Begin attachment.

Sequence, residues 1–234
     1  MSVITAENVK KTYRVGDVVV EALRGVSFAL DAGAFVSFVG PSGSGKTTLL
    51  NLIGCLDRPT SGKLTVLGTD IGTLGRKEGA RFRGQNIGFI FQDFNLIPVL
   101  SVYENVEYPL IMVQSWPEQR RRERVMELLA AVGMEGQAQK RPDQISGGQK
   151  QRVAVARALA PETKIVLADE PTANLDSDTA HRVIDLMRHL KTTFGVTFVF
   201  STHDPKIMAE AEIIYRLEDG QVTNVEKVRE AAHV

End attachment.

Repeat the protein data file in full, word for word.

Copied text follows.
Sequence, residues 1–234
     1  MSVITAENVK KTYRVGDVVV EALRGVSFAL DAGAFVSFVG PSGSGKTTLL
    51  NLIGCLDRPT SGKLTVLGTD IGTLGRKEGA RFRGQNIGFI FQDFNLIPVL
   101  SVYENVEYPL IMVQSWPEQR RRERVMELLA AVGMEGQAQK RPDQISGGQK
   151  QRVAVARALA PETKIVLADE PTANLDSDTA HRVIDLMRHL KTTFGVTFVF
   201  STHDPKIMAE AEIIYRLEDG QVTNVEKVRE AAHV